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1. To identify the main characteristic of grounded theory. 2. -------------------------------------------------
To critically evaluate the methodology of grounded theory.
Grounded theory was developed in 1960’s by two sociologist, (Glaser and Strauss, 1967) one of whom (Strauss) had strong theoretical training in symbolic interaction. One of their earliest studies was grounded theory on dying in hospitals in which the prime controllable variable was characterized as “awareness context”. Definition of Grounded theory
Glaser and Strauss(1967)
• GT is the discovery of theory from data systematically obtained from social research. • The strategy used in this discovery process is method of constant comparative analysis. • The purpose of GT is to explain the data (concepts)
(Strauss and Corbin 1990)
• GT is inductively derived from the study of the phenomenon it represents (instead of starting out with a theory and proving it) • Data, analysis and theory are constantly interacting (having a “dialogue” with each other not isolated but are parts of a conversation) • The purpose of using GT method is to develop a theory from the data being examined (theory fits what is seen in the data)
Grounded theory is a type of qualitative research methodology that allows theory/theories to emerge from the data that is collected. Grounded theory research follows a systematic yet flexible process to collect data, code the data, make connections and see what theory/theories are generated or are built from the data. “A theory is a set of concepts that are integrated through a series of relational statements. (Hage, 1972).” Grounded theory has become an important research method for the study of nursing phenomena and has contributed to the development of many middle range theories relevant to nurses. Grounded theory is generally inductive method that is not inextricably linked to a particular theoretical perspective or type of data (Glaser,2005). Conceptualization is essential for grounded theory (Glaser,2003). Grounded theory researchers generate emergent conceptual categories and their properties and integrate them into substantive theory grounded in the data. Alternative views of grounded theory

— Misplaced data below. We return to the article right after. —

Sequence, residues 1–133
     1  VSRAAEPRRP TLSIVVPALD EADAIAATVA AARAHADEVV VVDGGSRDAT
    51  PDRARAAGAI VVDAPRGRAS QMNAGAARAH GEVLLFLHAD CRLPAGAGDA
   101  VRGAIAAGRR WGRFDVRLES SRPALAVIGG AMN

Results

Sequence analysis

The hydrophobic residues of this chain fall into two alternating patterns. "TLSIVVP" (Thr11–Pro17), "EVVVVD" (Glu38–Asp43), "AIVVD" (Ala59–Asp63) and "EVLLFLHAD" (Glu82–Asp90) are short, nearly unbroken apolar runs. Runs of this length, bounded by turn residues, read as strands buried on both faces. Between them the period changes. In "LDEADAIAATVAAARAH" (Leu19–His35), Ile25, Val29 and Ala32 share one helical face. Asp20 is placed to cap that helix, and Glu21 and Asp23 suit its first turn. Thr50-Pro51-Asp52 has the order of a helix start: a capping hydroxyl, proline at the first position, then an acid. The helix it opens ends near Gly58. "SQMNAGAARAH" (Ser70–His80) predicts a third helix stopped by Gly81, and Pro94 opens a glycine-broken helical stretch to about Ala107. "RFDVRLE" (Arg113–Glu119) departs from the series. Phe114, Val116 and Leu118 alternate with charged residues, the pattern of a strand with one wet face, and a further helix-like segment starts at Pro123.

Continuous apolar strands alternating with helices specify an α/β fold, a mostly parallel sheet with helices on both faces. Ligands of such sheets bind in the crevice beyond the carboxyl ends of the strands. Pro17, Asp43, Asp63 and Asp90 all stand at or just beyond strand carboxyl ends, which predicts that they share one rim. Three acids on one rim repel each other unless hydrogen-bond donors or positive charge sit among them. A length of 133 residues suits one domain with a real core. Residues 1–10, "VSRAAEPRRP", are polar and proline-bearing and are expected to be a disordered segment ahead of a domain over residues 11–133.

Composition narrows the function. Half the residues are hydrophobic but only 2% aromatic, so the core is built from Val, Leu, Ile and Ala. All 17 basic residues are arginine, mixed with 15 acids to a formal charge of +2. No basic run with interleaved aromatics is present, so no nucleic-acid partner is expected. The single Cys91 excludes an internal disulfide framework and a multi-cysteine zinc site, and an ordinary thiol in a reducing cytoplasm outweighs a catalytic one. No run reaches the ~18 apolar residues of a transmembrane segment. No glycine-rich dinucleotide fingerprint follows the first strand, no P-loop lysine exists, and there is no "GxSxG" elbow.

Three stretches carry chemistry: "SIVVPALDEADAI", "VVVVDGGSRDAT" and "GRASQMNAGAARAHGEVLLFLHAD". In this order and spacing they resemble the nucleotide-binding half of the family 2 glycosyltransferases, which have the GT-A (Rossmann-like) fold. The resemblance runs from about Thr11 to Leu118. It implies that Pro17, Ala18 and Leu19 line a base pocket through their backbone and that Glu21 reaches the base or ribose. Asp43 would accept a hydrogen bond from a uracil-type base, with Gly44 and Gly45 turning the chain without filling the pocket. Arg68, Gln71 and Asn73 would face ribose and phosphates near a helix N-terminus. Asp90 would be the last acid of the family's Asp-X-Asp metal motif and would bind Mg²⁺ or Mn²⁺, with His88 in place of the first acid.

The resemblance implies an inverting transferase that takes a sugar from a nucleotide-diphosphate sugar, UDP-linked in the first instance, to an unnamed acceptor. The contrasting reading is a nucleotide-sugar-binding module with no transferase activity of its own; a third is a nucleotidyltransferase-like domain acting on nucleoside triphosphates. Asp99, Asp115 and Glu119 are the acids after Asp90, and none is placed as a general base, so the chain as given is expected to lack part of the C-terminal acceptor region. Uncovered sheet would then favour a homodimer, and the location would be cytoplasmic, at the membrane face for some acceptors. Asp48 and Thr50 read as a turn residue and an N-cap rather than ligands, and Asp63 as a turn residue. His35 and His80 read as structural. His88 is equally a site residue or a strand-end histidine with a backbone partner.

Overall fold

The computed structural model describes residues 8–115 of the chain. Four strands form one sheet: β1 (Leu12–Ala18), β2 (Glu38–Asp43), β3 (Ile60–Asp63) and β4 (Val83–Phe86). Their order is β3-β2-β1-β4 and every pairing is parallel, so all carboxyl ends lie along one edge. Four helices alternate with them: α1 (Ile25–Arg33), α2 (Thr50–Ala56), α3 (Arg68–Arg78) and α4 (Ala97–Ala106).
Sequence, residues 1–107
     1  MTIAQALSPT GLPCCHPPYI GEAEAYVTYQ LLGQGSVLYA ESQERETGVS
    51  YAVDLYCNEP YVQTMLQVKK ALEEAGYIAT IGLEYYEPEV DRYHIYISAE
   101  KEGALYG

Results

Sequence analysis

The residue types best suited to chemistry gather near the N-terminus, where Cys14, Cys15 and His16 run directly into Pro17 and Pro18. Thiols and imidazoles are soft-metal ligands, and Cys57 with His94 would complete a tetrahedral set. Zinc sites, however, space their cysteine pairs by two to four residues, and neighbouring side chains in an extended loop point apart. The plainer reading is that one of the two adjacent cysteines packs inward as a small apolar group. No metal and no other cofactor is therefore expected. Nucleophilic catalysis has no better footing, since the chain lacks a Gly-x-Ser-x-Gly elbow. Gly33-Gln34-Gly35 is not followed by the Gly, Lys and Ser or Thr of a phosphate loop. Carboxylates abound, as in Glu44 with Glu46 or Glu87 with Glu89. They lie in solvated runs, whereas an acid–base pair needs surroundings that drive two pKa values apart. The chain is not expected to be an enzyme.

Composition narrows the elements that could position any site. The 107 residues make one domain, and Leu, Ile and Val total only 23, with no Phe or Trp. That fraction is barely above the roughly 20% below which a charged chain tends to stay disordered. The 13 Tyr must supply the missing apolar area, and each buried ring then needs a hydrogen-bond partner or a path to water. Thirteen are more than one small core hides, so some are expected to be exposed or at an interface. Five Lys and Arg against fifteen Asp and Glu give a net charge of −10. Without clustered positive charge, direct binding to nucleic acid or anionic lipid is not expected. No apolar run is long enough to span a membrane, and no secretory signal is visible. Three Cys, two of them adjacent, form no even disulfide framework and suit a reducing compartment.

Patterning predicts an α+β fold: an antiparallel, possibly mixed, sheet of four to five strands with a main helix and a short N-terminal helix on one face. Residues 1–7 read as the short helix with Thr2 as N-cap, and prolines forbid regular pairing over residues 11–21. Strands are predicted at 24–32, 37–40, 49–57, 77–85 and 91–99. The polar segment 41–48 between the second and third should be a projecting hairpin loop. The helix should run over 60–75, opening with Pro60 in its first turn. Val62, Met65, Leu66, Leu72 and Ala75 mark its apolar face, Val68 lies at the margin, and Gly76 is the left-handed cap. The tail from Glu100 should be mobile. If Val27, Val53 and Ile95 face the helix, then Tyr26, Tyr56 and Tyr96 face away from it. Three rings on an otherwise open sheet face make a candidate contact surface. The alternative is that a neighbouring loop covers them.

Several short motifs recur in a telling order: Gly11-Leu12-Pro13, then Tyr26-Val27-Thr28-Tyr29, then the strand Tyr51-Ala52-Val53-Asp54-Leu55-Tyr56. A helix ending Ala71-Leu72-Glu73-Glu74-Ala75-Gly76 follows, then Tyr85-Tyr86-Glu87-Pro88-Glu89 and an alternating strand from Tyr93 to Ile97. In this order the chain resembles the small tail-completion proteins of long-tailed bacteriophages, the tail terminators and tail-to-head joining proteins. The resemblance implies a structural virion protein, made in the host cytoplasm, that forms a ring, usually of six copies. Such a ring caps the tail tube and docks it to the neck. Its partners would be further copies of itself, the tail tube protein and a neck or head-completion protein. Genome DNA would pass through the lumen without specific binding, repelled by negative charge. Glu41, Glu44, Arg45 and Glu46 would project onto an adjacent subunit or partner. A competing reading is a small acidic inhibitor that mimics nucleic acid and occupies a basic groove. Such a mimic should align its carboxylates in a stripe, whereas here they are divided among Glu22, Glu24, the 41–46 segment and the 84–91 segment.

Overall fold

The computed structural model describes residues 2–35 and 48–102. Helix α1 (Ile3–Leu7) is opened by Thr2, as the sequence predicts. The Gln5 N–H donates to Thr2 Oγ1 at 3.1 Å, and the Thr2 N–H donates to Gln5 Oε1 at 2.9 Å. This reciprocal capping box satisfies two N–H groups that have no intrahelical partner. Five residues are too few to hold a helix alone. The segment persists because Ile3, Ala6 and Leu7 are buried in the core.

In 1990, Strauss and Corbin published what was become a controversial book, Basic of Qualitative Research: Grounded theory procedures and Techniques. Strauss and Corbin stated that the purpose of the book was to provide beginning grounded theory researchers with basic knowledge and procedures involved in building theory at the substantive level. Glaser, however, disagreed with some of the procedures advocated by Strauss and Corbin. Glaser published a rebuttal in 1992, Emergence Versus Forcing: Basics of Grounded Theory Analysis. Glaser believed that Strauss and Corbin developed a method that is not grounded theory but rather what he calls “full conceptual description.” According to Glaser, the purpose of grounded theory is to generate concepts and theories about their relationship that explain, account for, and interpret variation in behavior in the substantive area under study. 2 types of Grounded Theory (Glaser and Strauss, 1967)
1. Substantive theory – is grounded in data on the specific substantive area
Beck, (2007) modified her 1993 grounded theory study, Teering on the Edge, which was a substantive theory of postpartum depression. Since Beck’s original study had been conducted, 10 qualitative study of postpartum depression in woman from other cultures had been published. The results from those 10 transcultural studies were compared with the findings from the original grounded theory. Maximizing differences among comparative groups is powerful method for enhancing the generation of...
References: Norwood, Research Strategies for Advanced Practice Nurses (Upper Saddle River, NJ: Prentice Hall Health, 2000) 382-385.
Streubert, Carpenter, Qualitative Research in Nursing: Advancing the Humanistic Imperative (Philadelphia: Lippincott, Williams, & Wilkins, 1999) 117-143.
Polit, Beck, Nursing Research: Generating and Assessing Evidence for Nursing Practice (Philadelphia: Lippincott, Williams, & Wilkins, 2008) 229 – 231.
Glaser, B.G. (1978). Theoretical sensitivity: Advances in the methodology of grounded theory. Mill Valley: CA: Sociology Press
http://en.wikipedia.org/wiki/Grounded_theory (accessed September 3, 2011)
http://findarticles.com/p/articles/mi_m0FSL/is_6_73/ai_75562157/ (accessed September 3, 2011)
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